Most music industry leaders agree that Congress should start by expanding the paid sick leave and paid family leave provisions of the Families First Coronavirus Response Act so nontraditional workers are covered. That’s the main suggestion in a letter that more than 40 industry organizations including the Recording Academy, RIAA and Music Artists Coalition sent to Congress Friday (March 20).
“The relief that Congress has passed so far is not really applicable in our world,” says Susan Genco, Music Artists Coalition board member and Azoff MSG Entertainment co-president. “To extend the Family and Medical Leave Act so that [I] have to get paid sick leave for two weeks doesn’t help if you’re a guy between tours.”
The current legislation provides full-time American workers who are sick or quarantined due to coronavirus 100% of their normal salary, up to $511 per day (or roughly $130,000 per year). But calculating benefits for gig workers presents another set of challenges, since their salaries are less clear-cut.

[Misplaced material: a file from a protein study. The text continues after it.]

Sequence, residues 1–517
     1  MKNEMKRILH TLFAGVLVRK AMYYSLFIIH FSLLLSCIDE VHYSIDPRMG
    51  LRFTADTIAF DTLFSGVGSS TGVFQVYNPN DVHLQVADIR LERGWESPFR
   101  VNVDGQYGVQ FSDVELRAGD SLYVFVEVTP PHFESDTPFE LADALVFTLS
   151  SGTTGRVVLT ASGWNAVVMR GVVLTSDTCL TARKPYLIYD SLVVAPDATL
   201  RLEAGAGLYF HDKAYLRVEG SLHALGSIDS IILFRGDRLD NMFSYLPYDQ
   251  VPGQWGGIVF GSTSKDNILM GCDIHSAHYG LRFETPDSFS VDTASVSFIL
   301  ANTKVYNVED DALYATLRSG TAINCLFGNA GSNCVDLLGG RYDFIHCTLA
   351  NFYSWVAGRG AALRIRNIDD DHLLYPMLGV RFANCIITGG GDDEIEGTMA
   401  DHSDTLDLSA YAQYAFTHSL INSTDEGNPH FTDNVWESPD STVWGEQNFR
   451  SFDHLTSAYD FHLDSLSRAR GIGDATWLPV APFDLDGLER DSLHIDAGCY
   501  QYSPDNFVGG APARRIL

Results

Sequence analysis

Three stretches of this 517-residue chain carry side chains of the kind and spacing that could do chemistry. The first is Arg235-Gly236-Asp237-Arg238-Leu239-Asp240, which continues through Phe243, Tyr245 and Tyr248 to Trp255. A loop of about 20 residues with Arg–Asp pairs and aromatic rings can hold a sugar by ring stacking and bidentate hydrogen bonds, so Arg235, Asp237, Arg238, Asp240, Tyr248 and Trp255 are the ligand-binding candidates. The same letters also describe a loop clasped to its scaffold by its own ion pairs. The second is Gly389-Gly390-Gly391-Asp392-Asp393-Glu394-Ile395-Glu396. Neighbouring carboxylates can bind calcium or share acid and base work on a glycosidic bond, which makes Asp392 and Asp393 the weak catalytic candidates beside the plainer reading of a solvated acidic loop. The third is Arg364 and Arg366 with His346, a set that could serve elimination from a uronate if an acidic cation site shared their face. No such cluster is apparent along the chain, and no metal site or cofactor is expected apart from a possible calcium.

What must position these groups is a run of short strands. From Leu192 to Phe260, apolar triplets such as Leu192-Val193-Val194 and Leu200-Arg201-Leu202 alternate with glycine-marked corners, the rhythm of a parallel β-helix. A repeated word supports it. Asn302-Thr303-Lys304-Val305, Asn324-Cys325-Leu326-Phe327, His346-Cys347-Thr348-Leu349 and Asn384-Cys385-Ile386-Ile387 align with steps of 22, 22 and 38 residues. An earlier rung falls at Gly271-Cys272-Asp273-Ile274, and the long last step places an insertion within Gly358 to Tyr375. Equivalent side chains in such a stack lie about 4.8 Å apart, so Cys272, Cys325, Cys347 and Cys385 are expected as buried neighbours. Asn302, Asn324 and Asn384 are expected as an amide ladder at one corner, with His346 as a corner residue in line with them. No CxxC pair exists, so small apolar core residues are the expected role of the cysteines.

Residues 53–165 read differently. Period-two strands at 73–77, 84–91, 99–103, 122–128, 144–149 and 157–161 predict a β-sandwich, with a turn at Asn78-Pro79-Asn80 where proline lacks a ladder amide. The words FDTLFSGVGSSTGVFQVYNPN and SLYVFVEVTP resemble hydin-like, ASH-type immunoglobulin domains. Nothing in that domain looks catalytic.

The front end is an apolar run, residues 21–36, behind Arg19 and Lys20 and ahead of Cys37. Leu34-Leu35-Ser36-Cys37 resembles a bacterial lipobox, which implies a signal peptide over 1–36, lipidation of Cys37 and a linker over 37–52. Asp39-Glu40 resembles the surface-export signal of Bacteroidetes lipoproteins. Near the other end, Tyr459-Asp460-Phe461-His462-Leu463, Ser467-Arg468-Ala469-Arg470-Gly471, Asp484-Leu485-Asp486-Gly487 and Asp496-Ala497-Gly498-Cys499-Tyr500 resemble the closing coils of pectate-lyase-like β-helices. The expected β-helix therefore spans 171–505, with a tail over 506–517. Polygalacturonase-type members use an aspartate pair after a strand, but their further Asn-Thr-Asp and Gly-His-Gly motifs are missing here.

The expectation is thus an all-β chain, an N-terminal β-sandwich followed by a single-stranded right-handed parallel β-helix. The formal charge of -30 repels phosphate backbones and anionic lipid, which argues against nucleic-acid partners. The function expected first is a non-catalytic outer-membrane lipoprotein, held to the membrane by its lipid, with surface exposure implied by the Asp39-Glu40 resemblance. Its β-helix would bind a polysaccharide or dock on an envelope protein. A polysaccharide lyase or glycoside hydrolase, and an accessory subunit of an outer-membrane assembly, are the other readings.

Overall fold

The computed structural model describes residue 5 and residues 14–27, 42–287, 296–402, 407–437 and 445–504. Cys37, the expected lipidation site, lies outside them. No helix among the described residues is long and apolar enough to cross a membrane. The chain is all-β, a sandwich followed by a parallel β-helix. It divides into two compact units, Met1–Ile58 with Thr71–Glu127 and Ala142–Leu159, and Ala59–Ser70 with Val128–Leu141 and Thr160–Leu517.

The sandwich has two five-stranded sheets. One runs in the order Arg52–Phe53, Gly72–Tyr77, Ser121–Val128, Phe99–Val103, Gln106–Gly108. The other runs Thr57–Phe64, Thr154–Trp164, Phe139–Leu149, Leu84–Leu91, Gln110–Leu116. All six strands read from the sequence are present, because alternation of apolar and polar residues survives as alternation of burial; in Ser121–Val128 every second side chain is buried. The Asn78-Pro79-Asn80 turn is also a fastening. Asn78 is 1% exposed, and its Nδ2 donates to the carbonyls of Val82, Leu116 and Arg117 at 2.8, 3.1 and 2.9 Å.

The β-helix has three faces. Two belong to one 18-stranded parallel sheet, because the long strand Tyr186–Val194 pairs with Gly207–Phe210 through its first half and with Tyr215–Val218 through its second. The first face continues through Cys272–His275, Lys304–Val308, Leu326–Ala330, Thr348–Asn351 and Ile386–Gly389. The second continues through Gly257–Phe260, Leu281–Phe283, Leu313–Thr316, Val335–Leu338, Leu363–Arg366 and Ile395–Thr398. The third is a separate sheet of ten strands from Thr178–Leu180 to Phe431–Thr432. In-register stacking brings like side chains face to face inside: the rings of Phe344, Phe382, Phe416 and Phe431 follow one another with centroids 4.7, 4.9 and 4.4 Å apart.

To help solve the problem, Schiff and other Congress members representing entertainment hot-spots recommended Thursday that instead of looking at what a music industry worker has been making as the baseline for their paid leave payment, Congress should consider what the worker’s anticipated payment was for gigs that have been canceled or postponed. “There are means of calculating benefits that would be fair and equitable to people in nontraditional employment situations,” he says.
Some general provisions that are being floated in Congress would help music workers, too, such as handing every adult American a $1,000 check as an economic stimulus.
There are other ways for Congress to support the music industry in the current crisis. For example, Recording Academy chief industry, government and member relations officer Daryl Friedman is also pushing for emergency funding for the National Endowment for the Arts, which could be used to give grants to individual arts organizations. In turn, those organizations could employ musicians who are out of work.